While in a job interview, I felt they were underestimating my intelligence and experience when they asked if I could multitask. I got the job and started on-the-job training observing co-workers keeping up with multiple tasks at multiple locations throughout the day.

It all seemed simple until I was on my own. The tasks were simple but I made a few bad mistakes trying to juggle those tasks like I had seen in the on-the-job training phase. I had to find a new way to do the job to eliminate mistakes and the answer was to take on tasks one at a time. As time passed, I instinctively found myself multitasking but now I was doing it my way based on what I learned while slowing down to master the individual tasks one at a time.

I just read a story on how students are multitasking their studies with their smartphones.

An influential Stanford University study revealed that those who considered themselves to be excellent media multitaskers were “terrible” at it. I knew I wasn’t alone.

Did you know the average American teenager consumes just under nine hours of entertainment media outside of school? The article indicates a vast majority of teens who admit to at least some degree of multitasking while doing their homework, “nearly two-thirds of them say they don’t think watching television, texting, or using social media while doing homework makes any difference to the quality of their work.”

When it comes to reading and writing, I’ve got to be in complete silence. Of course, there never seems to be absolute silence anywhere I go, but I definitely seek a quiet place where I can’t hear any talking or music with lyrics.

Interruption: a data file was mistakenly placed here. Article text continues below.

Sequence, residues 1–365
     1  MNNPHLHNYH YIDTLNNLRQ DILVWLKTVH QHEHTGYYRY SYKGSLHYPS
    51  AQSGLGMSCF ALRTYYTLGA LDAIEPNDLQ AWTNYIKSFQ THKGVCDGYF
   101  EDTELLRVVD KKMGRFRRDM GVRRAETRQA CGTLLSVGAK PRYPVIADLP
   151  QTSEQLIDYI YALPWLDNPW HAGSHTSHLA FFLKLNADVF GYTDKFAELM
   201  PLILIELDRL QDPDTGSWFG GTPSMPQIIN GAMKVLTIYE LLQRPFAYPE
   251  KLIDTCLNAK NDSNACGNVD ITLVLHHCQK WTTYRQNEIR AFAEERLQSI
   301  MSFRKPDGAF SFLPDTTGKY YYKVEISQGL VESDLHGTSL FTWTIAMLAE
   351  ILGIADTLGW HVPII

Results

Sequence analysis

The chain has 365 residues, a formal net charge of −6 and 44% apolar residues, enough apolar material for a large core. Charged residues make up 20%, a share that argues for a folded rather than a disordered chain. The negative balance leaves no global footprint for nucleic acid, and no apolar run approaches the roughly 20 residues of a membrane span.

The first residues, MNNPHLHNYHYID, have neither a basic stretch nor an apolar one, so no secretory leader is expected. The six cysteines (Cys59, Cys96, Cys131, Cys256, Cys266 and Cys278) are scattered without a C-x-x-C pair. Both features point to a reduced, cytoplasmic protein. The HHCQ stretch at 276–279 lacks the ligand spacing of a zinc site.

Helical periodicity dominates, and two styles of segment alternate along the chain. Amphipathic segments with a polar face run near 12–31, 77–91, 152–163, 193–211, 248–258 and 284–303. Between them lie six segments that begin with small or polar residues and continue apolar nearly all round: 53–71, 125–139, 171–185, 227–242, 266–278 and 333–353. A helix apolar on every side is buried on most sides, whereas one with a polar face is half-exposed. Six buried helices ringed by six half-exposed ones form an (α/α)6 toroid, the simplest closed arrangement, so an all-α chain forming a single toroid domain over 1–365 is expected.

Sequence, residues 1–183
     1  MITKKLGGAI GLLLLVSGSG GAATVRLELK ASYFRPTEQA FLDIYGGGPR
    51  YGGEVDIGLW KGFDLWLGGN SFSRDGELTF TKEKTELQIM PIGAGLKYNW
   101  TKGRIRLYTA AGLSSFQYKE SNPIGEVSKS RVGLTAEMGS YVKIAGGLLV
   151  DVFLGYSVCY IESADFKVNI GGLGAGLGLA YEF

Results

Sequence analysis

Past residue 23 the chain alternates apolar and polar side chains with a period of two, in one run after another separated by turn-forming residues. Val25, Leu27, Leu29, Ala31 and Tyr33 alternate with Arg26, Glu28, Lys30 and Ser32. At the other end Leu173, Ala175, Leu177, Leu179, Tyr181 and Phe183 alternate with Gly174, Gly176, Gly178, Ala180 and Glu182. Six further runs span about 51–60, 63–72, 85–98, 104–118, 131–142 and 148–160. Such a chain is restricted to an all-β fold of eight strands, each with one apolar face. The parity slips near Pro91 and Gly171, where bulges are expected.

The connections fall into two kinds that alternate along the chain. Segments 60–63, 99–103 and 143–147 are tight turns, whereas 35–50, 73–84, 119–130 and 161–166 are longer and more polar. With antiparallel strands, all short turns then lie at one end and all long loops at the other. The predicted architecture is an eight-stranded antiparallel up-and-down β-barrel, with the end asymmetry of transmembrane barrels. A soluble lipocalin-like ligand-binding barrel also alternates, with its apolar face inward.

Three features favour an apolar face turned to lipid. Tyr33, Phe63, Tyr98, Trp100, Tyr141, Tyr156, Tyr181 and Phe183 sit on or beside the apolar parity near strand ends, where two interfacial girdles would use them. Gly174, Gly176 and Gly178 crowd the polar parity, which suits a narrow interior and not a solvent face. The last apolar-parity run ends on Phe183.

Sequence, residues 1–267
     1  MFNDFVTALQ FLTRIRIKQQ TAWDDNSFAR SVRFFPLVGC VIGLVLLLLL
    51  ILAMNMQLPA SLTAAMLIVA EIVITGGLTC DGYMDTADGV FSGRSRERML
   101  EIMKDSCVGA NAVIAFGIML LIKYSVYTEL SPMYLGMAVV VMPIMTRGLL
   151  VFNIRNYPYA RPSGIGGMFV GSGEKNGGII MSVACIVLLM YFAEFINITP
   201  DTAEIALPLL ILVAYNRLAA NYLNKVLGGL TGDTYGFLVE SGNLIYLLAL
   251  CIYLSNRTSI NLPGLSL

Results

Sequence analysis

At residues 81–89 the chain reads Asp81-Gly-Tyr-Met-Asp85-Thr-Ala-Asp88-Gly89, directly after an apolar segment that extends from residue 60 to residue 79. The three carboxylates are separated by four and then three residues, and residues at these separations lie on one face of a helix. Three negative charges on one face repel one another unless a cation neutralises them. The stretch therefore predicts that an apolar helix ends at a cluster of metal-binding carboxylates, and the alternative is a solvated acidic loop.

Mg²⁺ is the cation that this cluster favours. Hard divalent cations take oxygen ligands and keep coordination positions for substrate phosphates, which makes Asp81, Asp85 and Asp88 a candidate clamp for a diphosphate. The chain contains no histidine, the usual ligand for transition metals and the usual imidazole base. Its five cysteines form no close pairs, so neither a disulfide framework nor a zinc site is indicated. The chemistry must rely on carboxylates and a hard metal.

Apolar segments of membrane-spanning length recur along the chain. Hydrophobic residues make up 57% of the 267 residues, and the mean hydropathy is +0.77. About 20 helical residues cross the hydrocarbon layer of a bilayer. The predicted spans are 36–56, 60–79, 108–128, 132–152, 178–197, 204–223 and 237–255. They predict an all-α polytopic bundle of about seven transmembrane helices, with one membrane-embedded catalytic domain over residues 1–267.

When it comes to students, the study finds the average student studied for fewer than six minutes before switching tasks, often distracted by technology including social media or texting.

They go on to say…

What kind of critical thinking can possibly exist within the span of six minutes? While teens are in a prime stage of life to learn, they simultaneously possess powerful habit-forming abilities that make them vulnerable to dependency and addiction. Thus, it follows that as adolescent attention spans continue to diminish in the interests of unrestrained media consumption, we may be raising a generation of students who are cognitively unprepared to think critically.

This phenomenon has definitely spilled over into the adult world when you consider how long these devices have been distracting learners.

Read the article on the Teenage Smartphone Problem

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